Academic journal article Brigham Young University Law Review

Official Maps and the Regulatory Takings Problem: A Legislative Solution

Academic journal article Brigham Young University Law Review

Official Maps and the Regulatory Takings Problem: A Legislative Solution

Article excerpt


Official map regulations generate much uncertainty in the court system. For example, in Lomarch Corp. v. Mayor and Common Council of Englewood, a city's official map prohibited a landowner from building on his property because part of his property was reserved to be a park in the future.1 The landowner felt that the city had deprived him of use of his property and challenged the prohibition, claiming that a regulatory taking had occurred.2 This is just one example of an official map restricting a landowner's use of property. What should be the remedy? The answer to this question depends on several factors: How much time does the city have to decide if it will condemn his property and pay just compensation? How much of the land is reserved? How much economic loss will result if the official map is upheld? What is the city's reason for freezing development?

Courts have struggled with these questions when deciding whether to strike down official map provisions.3 When landowners have challenged the validity of official maps, courts have examined each set of facts on a case-by-case basis, and the result is usually unpredictable. Not only is the result unpredictable, but oftentimes landowners are deprived of the use of their property without compensation.

When official maps prohibit landowners from building on their property, the landowners often claim that a taking has occurred. Thus, many courts have looked to takings cases from the Supreme Court.4 While these precedents have been, and may continue to be, helpful in a few cases, they have not been successful in resolving many other official map conflicts. This is partly because regulatory takings law is already muddled and examined on a case-by-case basis:

Regulatory takings law combines the worst of two worlds - constitutional law's arid generalities and property law's substantive difficulties. To hear the Supreme Court tell it, this confusion is the best we can expect. In Penn Central Transportation Co. v. New York City, the leading regulatory takings case of our time, the Supreme Court complained that regulatory takings law "has proved to be a problem of considerable difficulty." "[QJuite simply," the Court confessed, it "has been unable to develop any 'set formula' for determining" regulatory takings cases.5

This Comment will argue that official map adjudication should be a separate area of law from the Supreme Court's takings cases. While in rare situations it is helpful to borrow from Takings Clause jurisprudence, the Supreme Court's regulatory takings cases generally do not provide effective guidelines for official map cases.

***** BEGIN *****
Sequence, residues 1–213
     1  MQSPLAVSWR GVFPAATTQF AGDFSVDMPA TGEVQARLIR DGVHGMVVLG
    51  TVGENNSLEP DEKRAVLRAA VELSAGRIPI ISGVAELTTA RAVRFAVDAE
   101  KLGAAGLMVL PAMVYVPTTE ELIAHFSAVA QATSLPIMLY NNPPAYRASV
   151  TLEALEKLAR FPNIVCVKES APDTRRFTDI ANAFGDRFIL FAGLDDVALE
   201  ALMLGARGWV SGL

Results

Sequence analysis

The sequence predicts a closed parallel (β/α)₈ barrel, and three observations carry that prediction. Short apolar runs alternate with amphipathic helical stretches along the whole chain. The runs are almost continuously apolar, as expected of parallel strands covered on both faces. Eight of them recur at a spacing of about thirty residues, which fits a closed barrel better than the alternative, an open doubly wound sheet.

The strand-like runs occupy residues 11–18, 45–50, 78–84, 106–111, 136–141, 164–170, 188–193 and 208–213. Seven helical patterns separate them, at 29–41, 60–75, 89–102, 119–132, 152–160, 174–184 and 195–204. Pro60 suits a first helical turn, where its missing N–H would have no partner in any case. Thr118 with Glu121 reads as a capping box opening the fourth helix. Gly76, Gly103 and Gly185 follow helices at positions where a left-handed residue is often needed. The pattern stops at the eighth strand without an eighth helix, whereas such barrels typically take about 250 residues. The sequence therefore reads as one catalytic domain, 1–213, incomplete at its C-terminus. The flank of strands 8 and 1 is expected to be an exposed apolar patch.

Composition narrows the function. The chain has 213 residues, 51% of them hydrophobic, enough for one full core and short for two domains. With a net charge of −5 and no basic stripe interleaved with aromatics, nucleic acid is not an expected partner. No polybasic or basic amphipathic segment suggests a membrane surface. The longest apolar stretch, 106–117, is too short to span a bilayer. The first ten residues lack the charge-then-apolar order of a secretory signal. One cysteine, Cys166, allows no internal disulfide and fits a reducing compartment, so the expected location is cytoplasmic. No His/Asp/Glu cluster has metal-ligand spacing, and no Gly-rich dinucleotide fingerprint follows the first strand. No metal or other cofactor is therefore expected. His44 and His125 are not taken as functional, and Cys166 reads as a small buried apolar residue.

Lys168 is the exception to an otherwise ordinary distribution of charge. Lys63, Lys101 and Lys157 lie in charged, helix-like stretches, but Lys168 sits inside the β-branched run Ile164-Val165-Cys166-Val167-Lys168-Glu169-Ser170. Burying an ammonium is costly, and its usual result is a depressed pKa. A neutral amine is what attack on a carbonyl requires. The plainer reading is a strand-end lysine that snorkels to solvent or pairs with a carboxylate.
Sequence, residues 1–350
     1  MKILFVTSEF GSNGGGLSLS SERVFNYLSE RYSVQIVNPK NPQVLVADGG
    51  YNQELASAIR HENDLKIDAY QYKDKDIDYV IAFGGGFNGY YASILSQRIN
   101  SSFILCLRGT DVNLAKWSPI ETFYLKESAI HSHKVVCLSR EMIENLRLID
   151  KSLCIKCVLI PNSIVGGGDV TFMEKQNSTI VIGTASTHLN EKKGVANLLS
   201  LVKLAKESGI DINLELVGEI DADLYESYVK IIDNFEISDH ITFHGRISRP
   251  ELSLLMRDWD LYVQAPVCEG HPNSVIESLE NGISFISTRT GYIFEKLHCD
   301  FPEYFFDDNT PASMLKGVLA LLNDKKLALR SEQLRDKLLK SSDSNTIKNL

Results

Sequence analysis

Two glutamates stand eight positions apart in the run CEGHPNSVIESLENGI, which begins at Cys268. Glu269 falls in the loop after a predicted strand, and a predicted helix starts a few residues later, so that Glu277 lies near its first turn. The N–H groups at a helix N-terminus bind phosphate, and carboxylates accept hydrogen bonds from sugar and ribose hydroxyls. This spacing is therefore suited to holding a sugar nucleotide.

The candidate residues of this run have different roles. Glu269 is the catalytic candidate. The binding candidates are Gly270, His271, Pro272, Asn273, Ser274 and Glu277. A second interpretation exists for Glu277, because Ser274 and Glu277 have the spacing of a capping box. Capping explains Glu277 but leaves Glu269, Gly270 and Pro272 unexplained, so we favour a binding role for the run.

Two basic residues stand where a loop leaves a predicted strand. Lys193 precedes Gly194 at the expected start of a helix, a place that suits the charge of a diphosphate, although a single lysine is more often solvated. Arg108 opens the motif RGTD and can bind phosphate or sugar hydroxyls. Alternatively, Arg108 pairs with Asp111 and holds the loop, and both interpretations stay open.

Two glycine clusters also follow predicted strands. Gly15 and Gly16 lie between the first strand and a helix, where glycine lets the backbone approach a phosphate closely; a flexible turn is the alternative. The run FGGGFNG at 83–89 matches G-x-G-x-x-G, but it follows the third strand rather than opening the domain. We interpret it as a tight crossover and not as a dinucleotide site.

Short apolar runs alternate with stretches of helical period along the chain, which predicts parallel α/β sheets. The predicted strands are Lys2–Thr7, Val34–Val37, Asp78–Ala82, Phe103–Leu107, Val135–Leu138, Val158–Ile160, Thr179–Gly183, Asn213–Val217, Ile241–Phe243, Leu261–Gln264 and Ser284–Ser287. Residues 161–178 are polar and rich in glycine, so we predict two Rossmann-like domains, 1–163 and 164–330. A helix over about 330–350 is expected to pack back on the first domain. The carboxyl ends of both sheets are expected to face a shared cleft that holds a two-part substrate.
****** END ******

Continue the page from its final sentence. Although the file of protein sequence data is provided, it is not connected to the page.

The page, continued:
State legislatures should take the initiative to provide rules for official map cases. This solution will not only increase predictability but will also promote justice and efficiency. State legislatures should require local governments to compensate landowners during official map regulation periods. This requirement will force governments to take the planning process more seriously when deciding to reserve a landowner's land. The requirement will also give governments the incentive to keep the time and amount of property reserved to a minimum, thus, limiting compensation. Although courts protect the property of private individuals by interpreting the Fifth Amendment and deciding whether certain regulations are constitutional, statutes can extend the protection of private individuals beyond constitutional protections by enacting specific rules that are governed by state policy.

Part II discusses the background of official maps, their main purposes, and case law highlighting several of the issues involved with official maps. It then discusses the development of regulatory takings doctrine. Part III discusses how courts have looked to the Supreme Court cases for guidance, and how this method has proven ineffective. Part IV argues that the judicial system has been inadequate in protecting landowners' rights, and that statutes are a more appropriate means of protecting landowners affected by official maps. …

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